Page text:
Getting your Evanston news from Facebook? Try the Evanston RoundTable’s free daily and weekend email newsletters – sign up now!

Everyone needs healthy food to live, but sometimes people cannot afford to buy enough food for their family. A food pantry helps the community because it is a place where people who need more food can get it for free. 

The Hillside Food Pantry in northwest Evanston has been open since May 2009. The food pantry provides healthy food to people in need, and it provides an opportunity for people to help others. Since it opened, it has served 28,809 families.

“The food pantry is open to anyone in need. People can come to the food pantry once a week to get a bag of food,” says Faith Albano, Hillside’s Food/Rescue Distribution Team Leader.

If people want to help, there are many ways to do it. “We have many people from the community who volunteer their time at the food pantry. They help pick up food from our donor stores, sort and stock the food when it is brought to the pantry, and help during the times we are open to distribute the food,” Albano says.

Hillside Food Pantry gets the food from many different places: stores, local businesses, church food drives, the Evanston Farmer’s Market, and a couple of community school gardens.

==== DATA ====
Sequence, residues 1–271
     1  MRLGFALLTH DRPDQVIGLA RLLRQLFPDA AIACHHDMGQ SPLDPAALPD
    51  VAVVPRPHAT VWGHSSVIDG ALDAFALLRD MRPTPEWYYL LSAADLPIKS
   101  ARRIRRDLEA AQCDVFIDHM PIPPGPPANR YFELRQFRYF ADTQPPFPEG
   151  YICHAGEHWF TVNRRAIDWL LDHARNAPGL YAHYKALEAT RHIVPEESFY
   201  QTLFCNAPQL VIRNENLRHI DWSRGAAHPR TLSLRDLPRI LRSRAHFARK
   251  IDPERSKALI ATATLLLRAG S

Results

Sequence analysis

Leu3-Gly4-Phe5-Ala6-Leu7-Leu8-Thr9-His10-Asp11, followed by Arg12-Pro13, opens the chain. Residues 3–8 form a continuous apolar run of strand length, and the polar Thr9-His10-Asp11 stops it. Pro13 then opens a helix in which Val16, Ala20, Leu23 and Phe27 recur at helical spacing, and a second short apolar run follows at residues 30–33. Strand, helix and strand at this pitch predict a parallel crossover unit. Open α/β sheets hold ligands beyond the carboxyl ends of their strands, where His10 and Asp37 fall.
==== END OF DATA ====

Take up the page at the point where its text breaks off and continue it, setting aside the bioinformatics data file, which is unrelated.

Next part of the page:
One of those school gardens is Kingsley’s own Green Acres. Green Acres is located in Twiggs Park community garden. Last year it provided about 300 pounds of vegetables to Hillside Food Pantry, and other service groups like Family Focus and the Rice Children’s Center. Even more vegetables went home with the Kingsley students and their families who volunteered in the garden.

“Community gardens provide a place to grow vegetables and flowers, help people learn about plants and gardening, and they provide food for people,” says Lauren Spain-Bondi, Kingsley’s farmer
in residence. 

People in the Kingsley community help the garden by volunteering to do garden work. They also help by raising money to buy gardening supplies. Most of the money comes from the Kingsley PTA. Also, the first grade has donated money that it raised from its Snack Attack sale.

“I think community gardens are great because they help people to be healthy, and help the environment to be healthy too,” says Spain-Bondi. “Plus, gardening with friends and family is a lot of fun!”